Transformers bewildered me. A 150 million dollar budget summer movie to enhance a 20 year old Hasbro toy line and a Saturday morning cartoon show? Produced in part by Steven Spielberg, Transformers blends together director
Still, as much as I was dismayed by the robotic acting and inflated story, there’s no denying the quality of the computer-generated graphics. While much earlier CGI tends to create murky action scenes, Transformers has crystal clear alien robots dangling like King Kong off the edge of sun-lit skyscrapers, and their metamorphoses into a jet, a semi, a Camaro, or even a beat box has the seamless grace of the ultimate adolescent turbo-fantasy.
One major storyline concerns young Sam Witwicky’s (Shia LaBeouf) humorous quest to impress winsome brunette Mikaela (Megan Fox). To that end, Sam’s dad buys him a yellow Camaro that is in actuality a heroic Autobot preparing for a worldwide battle with the dreaded Decepticons. The Decepticons have already destroyed an American military base in
In another plotline that has several close correspondences to Live Free or Die Hard, the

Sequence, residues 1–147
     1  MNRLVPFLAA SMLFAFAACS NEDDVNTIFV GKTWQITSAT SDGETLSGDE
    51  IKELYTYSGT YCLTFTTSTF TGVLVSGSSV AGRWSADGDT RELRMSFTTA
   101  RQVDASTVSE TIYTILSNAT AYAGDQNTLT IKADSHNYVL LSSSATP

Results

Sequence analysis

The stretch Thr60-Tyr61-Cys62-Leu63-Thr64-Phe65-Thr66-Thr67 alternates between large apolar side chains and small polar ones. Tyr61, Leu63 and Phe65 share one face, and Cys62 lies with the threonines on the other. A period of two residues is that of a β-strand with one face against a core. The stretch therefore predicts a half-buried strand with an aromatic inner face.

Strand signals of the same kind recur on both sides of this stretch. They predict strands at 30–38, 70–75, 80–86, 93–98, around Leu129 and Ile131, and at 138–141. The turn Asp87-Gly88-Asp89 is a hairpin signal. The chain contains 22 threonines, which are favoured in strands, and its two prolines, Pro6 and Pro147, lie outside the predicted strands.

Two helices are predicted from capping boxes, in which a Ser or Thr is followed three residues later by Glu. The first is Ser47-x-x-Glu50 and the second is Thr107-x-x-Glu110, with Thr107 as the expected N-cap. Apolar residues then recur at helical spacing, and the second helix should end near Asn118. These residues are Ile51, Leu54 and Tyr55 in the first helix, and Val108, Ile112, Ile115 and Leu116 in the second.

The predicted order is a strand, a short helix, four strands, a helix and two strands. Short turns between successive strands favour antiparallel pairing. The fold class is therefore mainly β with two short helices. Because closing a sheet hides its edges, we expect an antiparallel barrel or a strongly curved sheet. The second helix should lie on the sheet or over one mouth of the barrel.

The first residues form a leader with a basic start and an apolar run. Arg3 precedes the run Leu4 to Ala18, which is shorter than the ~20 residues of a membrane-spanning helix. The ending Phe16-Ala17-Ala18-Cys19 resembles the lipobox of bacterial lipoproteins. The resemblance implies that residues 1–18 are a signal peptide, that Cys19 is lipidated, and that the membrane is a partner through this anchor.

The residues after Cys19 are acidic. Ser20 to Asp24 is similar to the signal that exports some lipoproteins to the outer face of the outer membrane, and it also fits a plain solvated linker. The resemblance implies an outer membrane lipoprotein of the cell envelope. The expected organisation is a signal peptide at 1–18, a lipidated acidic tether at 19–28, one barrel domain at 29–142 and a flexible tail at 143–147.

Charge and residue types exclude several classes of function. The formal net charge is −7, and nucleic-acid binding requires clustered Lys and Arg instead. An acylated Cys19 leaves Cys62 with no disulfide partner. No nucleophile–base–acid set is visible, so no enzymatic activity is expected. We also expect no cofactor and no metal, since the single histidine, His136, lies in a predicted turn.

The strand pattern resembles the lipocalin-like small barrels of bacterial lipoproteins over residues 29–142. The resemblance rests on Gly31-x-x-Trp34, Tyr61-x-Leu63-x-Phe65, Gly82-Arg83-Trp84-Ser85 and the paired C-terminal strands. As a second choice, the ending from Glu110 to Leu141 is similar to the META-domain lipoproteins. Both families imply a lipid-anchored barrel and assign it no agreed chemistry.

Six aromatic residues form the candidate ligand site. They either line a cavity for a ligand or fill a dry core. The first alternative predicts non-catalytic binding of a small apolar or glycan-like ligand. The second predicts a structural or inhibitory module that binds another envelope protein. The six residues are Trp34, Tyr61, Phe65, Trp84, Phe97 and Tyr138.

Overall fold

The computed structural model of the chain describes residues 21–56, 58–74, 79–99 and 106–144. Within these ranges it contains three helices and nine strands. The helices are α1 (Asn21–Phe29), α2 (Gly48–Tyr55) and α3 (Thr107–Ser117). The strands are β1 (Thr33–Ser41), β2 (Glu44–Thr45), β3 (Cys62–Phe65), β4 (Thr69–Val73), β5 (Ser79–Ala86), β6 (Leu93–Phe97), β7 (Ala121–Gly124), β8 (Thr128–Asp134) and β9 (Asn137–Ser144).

As much as I enjoyed the action sequences, the cheesiness of the Transformer dialogue kept getting in the way. When not metamorphosing or fighting, the Transformers stand around like dumb jocks on steroids, making wooden pronouncements like “I am Megatron,” “One shall stand. One shall fall,” “Fight for the weak,” and “Put the cube in my chest now.” One would think that whatever technologically advanced super-race that designed the robots would give them more witty things to say.
In the end, Transformers oddly combines top-notch cinematic savvy with a bunch of vapid toys, and the effect is weirdly disproportionate. Like a state-of-the-art paint job on a little red wagon, all of the razzle dazzle graphics emphasizes the limitations of the Saturday morning cartoons.